SACRAMENTO – In response to the massive tree die off across California—which the U.S. Forest Service today estimated has killed over 102 million trees since 2010 — Cal Fire is continuing its work with federal, local, and utility partners to remove dead and dying trees that pose the greatest risk to public safety.
“Although the epidemic tree mortality we are facing is devastating, it has galvanized partnerships at all levels, and focused renewed interests on forest health,” said Chief Ken Pimlott, Cal Fire director and California’s state forester.
“With disaster comes opportunity, and we will continue our work to remove the dead and dying trees that pose the greatest risk to public safety and private property.”
To date, Cal Fire and its partners have removed more than 423,000 trees in 10 counties, inspected and cleared of dead trees nearly 52,000 miles of roads and powerlines, treated more than 26,000 acres and created roughly 1,300 acres of fuel breaks.
“The number of dead trees in our state is truly saddening and another widespread impact of this historic drought we are managing in our state,” said Mark Ghilarducci, director of the California Governor’s Office of Emergency Services.
“Through the Governor’s Tree Mortality Task Force, we’re actively leveraging all of our resources around California to ensure protection of lives, critical infrastructure and the environment in our wooded communities and wildlands.”
Stakeholders working through the Governor’s Tree Mortality Task Force committed to redouble their efforts in the face of an expanding epidemic of trees killed by drought and bark beetles. On Nov. 18, the U.S. Forest Service increased its estimate of the number of dead trees in California’s forestlands from 66 million to 102 million, greatly widening the estimated scope of a die-off unprecedented in modern history.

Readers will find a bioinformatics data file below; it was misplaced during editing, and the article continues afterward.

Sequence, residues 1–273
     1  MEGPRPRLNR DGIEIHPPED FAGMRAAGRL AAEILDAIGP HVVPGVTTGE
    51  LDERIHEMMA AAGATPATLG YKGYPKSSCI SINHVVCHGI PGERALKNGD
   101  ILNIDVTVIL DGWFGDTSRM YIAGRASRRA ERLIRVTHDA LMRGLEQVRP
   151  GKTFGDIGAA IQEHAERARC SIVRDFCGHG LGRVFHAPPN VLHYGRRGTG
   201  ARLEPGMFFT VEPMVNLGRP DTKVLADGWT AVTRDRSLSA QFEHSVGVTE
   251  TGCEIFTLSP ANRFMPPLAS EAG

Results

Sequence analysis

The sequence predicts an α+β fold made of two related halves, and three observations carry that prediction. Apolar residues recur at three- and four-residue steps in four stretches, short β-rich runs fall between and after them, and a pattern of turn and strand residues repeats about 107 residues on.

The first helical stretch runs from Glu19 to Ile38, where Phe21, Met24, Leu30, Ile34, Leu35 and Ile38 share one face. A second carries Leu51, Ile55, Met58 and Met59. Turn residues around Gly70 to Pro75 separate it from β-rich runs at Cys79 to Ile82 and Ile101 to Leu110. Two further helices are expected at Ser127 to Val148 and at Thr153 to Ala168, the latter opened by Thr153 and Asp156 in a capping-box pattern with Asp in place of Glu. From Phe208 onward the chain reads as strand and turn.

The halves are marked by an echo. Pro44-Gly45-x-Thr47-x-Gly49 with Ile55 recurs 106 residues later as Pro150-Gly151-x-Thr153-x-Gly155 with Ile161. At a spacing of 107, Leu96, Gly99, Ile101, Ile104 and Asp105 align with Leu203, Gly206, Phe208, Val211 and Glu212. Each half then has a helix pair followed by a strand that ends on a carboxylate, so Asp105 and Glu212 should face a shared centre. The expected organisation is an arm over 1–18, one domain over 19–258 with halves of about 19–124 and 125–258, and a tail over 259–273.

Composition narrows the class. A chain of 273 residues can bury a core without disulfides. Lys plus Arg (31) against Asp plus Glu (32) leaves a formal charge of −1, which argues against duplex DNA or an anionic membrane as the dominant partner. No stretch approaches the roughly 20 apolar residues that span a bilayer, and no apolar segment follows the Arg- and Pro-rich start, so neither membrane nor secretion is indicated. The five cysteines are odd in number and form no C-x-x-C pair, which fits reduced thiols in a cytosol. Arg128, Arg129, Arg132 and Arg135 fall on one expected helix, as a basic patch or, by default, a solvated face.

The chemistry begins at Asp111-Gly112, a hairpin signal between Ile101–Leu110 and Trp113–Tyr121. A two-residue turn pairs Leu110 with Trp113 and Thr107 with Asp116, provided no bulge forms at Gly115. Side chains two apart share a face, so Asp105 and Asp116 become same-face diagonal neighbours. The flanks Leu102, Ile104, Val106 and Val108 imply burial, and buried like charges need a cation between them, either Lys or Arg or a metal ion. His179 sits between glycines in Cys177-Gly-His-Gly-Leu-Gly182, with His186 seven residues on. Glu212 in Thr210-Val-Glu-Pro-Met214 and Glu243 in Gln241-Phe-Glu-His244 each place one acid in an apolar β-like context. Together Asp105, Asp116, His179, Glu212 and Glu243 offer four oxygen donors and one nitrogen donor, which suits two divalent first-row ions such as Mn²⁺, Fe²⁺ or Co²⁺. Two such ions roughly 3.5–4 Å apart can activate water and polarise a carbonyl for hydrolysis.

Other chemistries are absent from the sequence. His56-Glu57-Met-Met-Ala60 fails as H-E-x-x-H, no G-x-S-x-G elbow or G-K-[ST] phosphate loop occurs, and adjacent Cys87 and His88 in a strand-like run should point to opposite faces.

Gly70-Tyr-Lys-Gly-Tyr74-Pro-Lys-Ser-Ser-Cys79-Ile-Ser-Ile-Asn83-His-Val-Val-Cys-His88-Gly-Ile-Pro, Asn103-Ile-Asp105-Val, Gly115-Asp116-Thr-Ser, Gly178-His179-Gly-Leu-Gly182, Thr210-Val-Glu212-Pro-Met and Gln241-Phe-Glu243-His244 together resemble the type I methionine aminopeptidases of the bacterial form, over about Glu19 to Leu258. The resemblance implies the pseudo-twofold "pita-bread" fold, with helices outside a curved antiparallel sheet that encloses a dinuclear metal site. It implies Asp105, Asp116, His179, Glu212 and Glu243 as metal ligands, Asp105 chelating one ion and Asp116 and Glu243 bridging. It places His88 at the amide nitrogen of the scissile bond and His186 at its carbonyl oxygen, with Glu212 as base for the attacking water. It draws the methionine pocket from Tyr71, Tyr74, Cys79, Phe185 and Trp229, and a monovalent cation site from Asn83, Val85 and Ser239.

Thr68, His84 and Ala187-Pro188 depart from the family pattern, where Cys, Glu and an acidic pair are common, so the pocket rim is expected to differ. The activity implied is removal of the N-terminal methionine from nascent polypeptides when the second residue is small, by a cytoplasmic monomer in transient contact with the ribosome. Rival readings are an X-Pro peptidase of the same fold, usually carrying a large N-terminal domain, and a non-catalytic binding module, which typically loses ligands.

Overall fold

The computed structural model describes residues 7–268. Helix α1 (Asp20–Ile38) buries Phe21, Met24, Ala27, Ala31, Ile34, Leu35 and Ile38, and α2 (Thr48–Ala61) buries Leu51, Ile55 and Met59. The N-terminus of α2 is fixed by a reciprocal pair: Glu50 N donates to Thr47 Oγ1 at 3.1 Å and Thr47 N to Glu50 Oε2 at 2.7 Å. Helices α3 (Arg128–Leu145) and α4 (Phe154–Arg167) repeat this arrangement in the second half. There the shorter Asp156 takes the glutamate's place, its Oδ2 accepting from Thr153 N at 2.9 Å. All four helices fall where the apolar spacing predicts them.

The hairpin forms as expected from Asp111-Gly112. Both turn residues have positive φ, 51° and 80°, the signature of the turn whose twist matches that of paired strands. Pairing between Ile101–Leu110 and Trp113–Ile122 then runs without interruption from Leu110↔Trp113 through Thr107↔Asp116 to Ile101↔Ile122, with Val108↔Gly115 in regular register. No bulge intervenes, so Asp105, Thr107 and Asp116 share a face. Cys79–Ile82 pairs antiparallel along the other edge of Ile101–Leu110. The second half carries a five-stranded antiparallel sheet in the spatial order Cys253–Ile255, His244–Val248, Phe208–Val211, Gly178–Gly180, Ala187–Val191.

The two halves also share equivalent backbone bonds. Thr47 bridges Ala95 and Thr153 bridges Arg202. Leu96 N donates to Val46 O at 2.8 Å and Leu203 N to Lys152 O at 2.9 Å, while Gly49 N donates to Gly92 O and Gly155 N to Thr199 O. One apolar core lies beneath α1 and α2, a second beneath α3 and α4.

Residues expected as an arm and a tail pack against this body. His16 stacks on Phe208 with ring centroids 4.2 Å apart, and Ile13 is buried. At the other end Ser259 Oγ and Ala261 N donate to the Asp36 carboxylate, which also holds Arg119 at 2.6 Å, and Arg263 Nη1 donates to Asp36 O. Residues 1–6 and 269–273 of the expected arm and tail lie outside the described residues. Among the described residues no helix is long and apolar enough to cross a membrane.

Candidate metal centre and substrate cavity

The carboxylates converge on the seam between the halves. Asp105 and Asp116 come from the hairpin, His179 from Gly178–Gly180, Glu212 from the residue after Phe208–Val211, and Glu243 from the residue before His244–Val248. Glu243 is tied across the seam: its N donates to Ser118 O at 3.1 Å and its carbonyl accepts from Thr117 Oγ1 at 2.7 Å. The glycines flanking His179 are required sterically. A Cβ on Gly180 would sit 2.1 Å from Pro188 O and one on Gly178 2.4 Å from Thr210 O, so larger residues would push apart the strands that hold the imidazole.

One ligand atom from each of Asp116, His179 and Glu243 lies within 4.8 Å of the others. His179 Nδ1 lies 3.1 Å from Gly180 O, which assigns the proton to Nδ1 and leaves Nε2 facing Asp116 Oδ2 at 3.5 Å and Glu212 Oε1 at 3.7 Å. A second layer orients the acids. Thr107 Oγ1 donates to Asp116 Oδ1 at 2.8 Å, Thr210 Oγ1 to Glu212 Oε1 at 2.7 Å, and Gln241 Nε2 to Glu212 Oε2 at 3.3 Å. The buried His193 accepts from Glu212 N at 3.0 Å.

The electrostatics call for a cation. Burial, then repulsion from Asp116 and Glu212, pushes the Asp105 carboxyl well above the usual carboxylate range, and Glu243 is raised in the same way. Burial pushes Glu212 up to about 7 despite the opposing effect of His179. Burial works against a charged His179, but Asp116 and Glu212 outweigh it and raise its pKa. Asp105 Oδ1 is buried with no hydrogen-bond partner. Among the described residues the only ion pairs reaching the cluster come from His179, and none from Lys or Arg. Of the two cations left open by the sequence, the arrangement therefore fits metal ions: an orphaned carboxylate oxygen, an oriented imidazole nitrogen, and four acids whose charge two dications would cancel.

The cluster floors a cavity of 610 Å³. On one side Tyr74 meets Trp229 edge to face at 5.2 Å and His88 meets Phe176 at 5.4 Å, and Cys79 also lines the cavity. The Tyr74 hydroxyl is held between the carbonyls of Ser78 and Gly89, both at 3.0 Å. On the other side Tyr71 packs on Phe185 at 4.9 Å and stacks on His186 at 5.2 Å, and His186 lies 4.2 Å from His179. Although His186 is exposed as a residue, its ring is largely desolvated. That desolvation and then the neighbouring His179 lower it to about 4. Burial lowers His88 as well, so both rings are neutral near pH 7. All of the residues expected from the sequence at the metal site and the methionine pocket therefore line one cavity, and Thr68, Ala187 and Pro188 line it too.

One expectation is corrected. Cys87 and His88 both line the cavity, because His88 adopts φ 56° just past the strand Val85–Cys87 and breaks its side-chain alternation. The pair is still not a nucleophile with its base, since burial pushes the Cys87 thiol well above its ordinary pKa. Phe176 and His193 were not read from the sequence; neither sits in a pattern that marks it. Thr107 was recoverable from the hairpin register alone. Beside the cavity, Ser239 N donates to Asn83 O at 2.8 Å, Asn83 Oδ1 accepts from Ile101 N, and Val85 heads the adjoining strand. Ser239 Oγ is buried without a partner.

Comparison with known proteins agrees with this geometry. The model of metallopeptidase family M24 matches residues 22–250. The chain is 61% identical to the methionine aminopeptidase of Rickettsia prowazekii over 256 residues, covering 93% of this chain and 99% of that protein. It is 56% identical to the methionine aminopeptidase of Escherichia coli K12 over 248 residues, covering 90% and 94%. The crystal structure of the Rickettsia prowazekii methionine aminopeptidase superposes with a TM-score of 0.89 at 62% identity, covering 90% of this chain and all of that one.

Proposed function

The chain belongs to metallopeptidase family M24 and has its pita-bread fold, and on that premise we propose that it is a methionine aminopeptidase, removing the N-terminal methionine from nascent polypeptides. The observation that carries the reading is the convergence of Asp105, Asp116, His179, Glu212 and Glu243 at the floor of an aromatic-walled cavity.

The estimated 36 million dead trees identified by the U.S. Forest Service in its latest aerial surveys will heighten the danger of falling trees and wildfire for years to come.
California has endured five years of drought – 2012-15 are reported to be the four driest consecutive years on record, based on statewide precipitation – and drought continues despite improved precipitation in Northern California last winter.
Drought is a frequent and natural feature of California’s Mediterranean climate, and the state’s highest economic losses due to drought typically involve loss of timberland and wildfire damage. Healthy trees typically produce enough resinous pitch to repel bark beetles, but beetle populations can flourish among stands of trees stressed by lack of precipitation. The beetles and their larvae feed on the tree’s living tissue. Beetle damaged trees can take down powerlines, damage homes and fuel wildfire.
Over $10 million in state funds have been earmarked in grants for local projects to help combat tree mortality, focusing on the removal of dead and dying trees around homes. Another $6 million of state funds have been used to buy equipment for removing dead and dying trees in high-hazard zones. Ten counties stretching from Placer to Kern have been identified as the highest-hazard region for tree mortality.
“Work to address this massive bark beetle epidemic began quickly a year ago, and the joint undertaking continues,” said Mariposa County Supervisor Kevin Cann. “The sheer number of dead trees is hard to imagine, but it’s real and we must continue our efforts to address the fact that this will be an ongoing issue for years to come.
“We have come a long way since Governor Brown first declared this emergency. It is important that we recognize the substantial progress as we redouble our efforts to deal with this ecosystem impacting event.”
In October 2015, Governor Brown signed an executive order addressing tree mortality, including the creation of a Tree Mortality Task Force. More than 80 local, state and federal agencies, as well as utilities and other stakeholders, focus on a coordinated response through the task force.
Additional information on the work of the task force to date can be found here.
For more information on how to be ready for wildfire and to learn how to make your trees healthy and prepared for bark beetles, visit www.ReadyForWildfire.org.